Jack Vance produced figures showing that the variances were a big problem that affected the profitability of the company. In fact, he states that the variances are actually negative, not positive. 2.2.6 They also need to look at the profit contribution of each flavor, package and size of ice cream that they produce and sell. In Exhibit A, Jack Vance shows that the two gallon size in a paper carton makes the smallest profit contribution of only 26.5 cents per gallon. The one gallon size of premium ice cream makes the highest profit contribution of 72.5 cents per gallon. The one gallon size of regular ice cream in a paper carton has a profit contribution of 34 cents per gallon, and the one gallon size of regular ice cream in a plastic carton has a profit contribution of 30.5 cents per gallon. 2.3 These management members must learn to work as a team. They should not be fighting each other. They need to build a team that is based on “feeling part of something larger than yourself. It has a lot to do with your understanding of the mission or objectives of your organization” (Heathfield). Each manager should contribute to the overall success of the organization by working with other members of the organization to produce results. Each one has a specific job function and belongs to a specific department, but they all must work with other organization members to accomplish the overall objectives of the firm. 2.3.1 The team is geared to more than just one specific goal. In other words, the performance of the new Financial Planning and Control System is not the only goal of teamwork. They need to operate as a team for the larger picture of the continuing overall success of the company. Conclusion The management needs to examine many factors in their operations, as well as in the new Financial Planning and Control System. For example, they need to look at their product mix and see if they can make some changes that will make it more profitable. If the two gallon size is making very small profit contributions, then maybe they should stop producing and selling that size. They also need to work together as a team, to avoid personal conflict and work together toward the goals and mission of the company. They have not defined their goals clearly. The performance metric is simply being used to measure the financial results, and management does not even agree on what those results mean. III. Current Control Systems at Boston Creamery, Inc. 3.1 The company had installed a new financial planning and control system. They made their budget for 1973 in October of 1972, so they had to use the estimated final earnings for 1972, when they made their forecast for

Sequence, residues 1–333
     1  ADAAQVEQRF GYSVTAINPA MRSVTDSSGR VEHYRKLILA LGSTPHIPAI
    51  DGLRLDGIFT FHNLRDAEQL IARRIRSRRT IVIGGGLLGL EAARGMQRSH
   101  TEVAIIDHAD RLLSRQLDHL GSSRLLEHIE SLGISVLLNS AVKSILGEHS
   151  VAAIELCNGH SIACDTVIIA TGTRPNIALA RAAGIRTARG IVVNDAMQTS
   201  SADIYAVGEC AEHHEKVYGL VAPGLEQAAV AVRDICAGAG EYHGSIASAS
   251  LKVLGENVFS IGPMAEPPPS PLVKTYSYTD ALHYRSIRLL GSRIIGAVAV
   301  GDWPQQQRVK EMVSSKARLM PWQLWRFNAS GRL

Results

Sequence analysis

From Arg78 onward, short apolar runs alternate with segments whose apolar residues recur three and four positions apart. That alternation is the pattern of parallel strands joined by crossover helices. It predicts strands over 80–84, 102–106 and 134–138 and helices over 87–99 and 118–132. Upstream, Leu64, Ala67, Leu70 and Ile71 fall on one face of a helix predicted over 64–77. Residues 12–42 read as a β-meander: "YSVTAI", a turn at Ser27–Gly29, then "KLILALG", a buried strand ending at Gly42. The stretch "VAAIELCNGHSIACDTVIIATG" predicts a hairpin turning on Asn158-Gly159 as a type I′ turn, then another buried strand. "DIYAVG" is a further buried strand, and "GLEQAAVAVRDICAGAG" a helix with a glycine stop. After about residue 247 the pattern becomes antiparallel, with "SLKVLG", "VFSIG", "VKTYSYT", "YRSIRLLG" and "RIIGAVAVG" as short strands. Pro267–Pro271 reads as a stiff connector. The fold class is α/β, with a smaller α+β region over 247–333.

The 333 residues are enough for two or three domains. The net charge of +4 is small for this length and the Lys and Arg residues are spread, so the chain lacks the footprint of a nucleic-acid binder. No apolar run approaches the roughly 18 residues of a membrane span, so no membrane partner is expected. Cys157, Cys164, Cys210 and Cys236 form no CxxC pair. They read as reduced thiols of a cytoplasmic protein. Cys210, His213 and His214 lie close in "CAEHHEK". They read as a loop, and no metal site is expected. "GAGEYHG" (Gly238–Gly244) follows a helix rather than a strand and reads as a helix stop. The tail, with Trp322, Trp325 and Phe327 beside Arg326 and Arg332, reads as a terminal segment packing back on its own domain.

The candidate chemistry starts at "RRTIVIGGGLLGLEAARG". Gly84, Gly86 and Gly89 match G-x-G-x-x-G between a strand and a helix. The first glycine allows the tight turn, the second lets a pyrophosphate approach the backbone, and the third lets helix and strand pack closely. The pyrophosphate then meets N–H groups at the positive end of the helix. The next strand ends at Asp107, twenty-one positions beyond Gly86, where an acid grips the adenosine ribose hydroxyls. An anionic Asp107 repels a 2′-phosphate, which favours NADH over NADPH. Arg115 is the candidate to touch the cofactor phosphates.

1973. Peterson felt that they could bring in more formal forecasting techniques and concepts to refine the system in later years. These changes are not just refinements. They are necessary to make accurate calculations of the profitability of the company’s operations. 3.2 The forecast of variable operating costs was much lower than the actual costs, which resulted in a higher cost of production, and therefore a higher consumer price than planned for the products. They underestimated the size of the total market, which resulted in underestimating the sales for Boston Creamery. In addition, they underestimated the costs of production. Moreover, they failed to compare the actual results of operations every month, so they did not discover the difference between the forecast and the actual volume until the spring.